This mini keyboard has no shortage of customization options. First of all, you have 13 switches to choose from, 8 from Cherry and 5 from Kailh. If you’re still not satisfied then don’t worry, changing the switches is not only easy, but it will also have no effect on the 2-year warranty. The RGB lighting is optional and will cut $15 off the price when removed. On top of this, you can also buy the keyboard with no keycaps if you plan on using your own, this will save you another $10. Last but not least, the keyboard is available in two colors; white or black.

When you only have 47 keys to work with it’s important that you’re able to alter their functions with ease. Thankfully, the Planck EZ has a user-friendly graphical configurator along with 32 layers to play with. On top of this, you can also enable dual-function keys: When tapped, they send a character. When held, they act as a modifier.

To wrap it up, there are two final features to mention; keyboard mouse control and a built-in chiptune buzzer. Are they commonly requested features? Maybe not, but they put them in any way. The Planck EZ is one of the smallest mechanical keyboards money can buy. And despite its size, it has more features up its sleeve than its bulky competitors, kind of like a clown car.

“The Planck EZ can fit in a coat pocket, and will have no trouble finding a cozy spot in your bag”

Key features:

  • Small 40% build
  • Ortholinear layout (grid style)
  • 13 switches to choose from
  • Impressive customization options

4. Cooler Master SK621

At first I only wanted to include 40% keyboards on this page, but I decided to make one exception. Thanks to its low profile switches, the SK621 from Cooler Master is possibly the smallest 60% keyboard on the market. It’s one of the first keyboards to use Cherry’s new low profile switches, they are extra slim MX Reds with the actuation point lowered by 0.8mm.

It only weighs 430g making it the lightest 60% mechanical keyboard I have come across. It’s also sold in two other sizes, TKL and full-sized. If you want a compact low profile keyboard without losing too many extra keys, I would recommend checking out the SK630 instead.

To complement the portable design, the SK621 has Bluetooth 4.0 wireless. You can use the keyboard wirelessly for up to 5 months without having to charge it, this goes down to only 15 hours though if you keep the RGB lighting enabled.

While they may not be the first to experiment with low profile switches, Cooler Master may have done the best job yet. Overall, the SK621 is a compact, slick, and portable mechanical keyboard suitable for both gaming and typing enthusiasts.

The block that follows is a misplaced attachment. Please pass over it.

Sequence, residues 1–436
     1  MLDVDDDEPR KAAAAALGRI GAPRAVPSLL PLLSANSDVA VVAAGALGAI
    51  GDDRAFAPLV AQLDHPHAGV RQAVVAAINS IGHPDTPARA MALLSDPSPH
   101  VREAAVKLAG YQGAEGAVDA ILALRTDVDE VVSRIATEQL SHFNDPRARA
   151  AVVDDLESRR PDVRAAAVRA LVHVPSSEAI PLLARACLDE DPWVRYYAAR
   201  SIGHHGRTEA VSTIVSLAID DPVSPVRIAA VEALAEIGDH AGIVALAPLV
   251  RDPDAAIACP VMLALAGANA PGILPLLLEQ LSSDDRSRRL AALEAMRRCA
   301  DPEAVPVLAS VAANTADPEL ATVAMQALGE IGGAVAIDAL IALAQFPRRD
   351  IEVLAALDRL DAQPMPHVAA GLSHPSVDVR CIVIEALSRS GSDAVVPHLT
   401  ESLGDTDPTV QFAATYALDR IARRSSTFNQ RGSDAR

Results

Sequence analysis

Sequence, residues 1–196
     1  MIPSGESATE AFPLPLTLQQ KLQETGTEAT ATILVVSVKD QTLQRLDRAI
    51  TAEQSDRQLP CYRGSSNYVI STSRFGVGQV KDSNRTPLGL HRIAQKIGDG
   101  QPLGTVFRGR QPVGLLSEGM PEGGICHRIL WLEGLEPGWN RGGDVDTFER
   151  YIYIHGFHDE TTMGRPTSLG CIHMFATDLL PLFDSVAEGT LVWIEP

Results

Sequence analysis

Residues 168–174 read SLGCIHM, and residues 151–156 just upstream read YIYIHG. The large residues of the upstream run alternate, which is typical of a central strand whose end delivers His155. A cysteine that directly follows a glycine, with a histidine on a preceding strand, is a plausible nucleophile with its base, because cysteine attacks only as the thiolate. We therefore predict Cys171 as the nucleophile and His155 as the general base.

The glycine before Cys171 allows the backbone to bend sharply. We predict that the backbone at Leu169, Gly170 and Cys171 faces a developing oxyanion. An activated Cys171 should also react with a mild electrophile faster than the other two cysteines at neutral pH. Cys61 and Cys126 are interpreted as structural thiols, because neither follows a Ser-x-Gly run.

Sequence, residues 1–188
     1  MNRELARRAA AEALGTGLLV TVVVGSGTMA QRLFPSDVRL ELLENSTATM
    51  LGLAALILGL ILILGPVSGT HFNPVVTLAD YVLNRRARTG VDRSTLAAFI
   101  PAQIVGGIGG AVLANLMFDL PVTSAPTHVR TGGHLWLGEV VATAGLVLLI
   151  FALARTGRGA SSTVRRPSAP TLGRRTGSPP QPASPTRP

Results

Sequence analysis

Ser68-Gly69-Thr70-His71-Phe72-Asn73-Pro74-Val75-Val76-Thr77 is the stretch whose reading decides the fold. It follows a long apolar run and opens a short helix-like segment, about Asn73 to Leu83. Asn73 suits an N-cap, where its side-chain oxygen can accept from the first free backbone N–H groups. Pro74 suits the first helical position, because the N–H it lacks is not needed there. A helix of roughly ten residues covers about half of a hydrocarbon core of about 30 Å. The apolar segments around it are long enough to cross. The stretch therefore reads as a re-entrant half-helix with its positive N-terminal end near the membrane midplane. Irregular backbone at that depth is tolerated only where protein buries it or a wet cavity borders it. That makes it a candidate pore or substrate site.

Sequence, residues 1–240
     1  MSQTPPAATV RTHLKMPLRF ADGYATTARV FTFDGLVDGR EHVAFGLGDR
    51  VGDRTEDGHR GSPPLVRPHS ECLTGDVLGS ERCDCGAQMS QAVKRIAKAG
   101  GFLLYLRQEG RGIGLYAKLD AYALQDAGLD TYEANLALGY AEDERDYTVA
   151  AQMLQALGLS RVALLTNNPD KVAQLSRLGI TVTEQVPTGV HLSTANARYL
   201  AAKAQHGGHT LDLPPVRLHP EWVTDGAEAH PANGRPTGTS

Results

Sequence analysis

low profile switches
low profile gaming keyboard

Key features:

  • Compact 60% design
  • Low profile Cherry MX switches
  • Bluetooth 4.0 wireless
  • Per-key RGB backlighting

Small Mechanical Keyboard Kits

Some people like to assemble their keyboards themselves, the simplest way to do this is to buy a mechanical keyboard kit. These kits include everything you need to build your own custom mechanical keyboard. Not only do you have more freedom of design, but you also learn some basic but useful skills while assembling the keyboard. Most keyboard kits are not much cheaper than buying a prebuilt keyboard, and sometimes they’re actually more expensive.

What do you get in a keyboard kit?

  • PCB (Printed Circuit Board)
  • Keyboard Plate
  • Keyboard case
  • Switches
  • Keycaps
  • Cable
40% mechanical keyboard kit

Both of these kits are sold on, formerly known as Massdrop. You’ll notice that instead of having a “Buy” button, a lot of the products have a “Request” button instead. If you request a product you will be emailed as soon as it’s back in stock. This is a great system for niche products like mechanical keyboards. It allows the company to gauge the interest for an item before investing time and money into another batch.

Smallest Mechanical Keyboards!

Small mechanical keyboards have their fair share of upsides and downsides. They are portable, fun, and practical in their own way. At the same time, they are pricey, confusing, and limited in choice. I hope this page has helped you explore the options you have when buying a mini mechanical keyboard. If you have decided that 40% is too small, I recommend looking into 60% or TKL keyboards. If you want a more hands-on experience, you could look into mechanical keyboard kits.

Thanks for reading : – )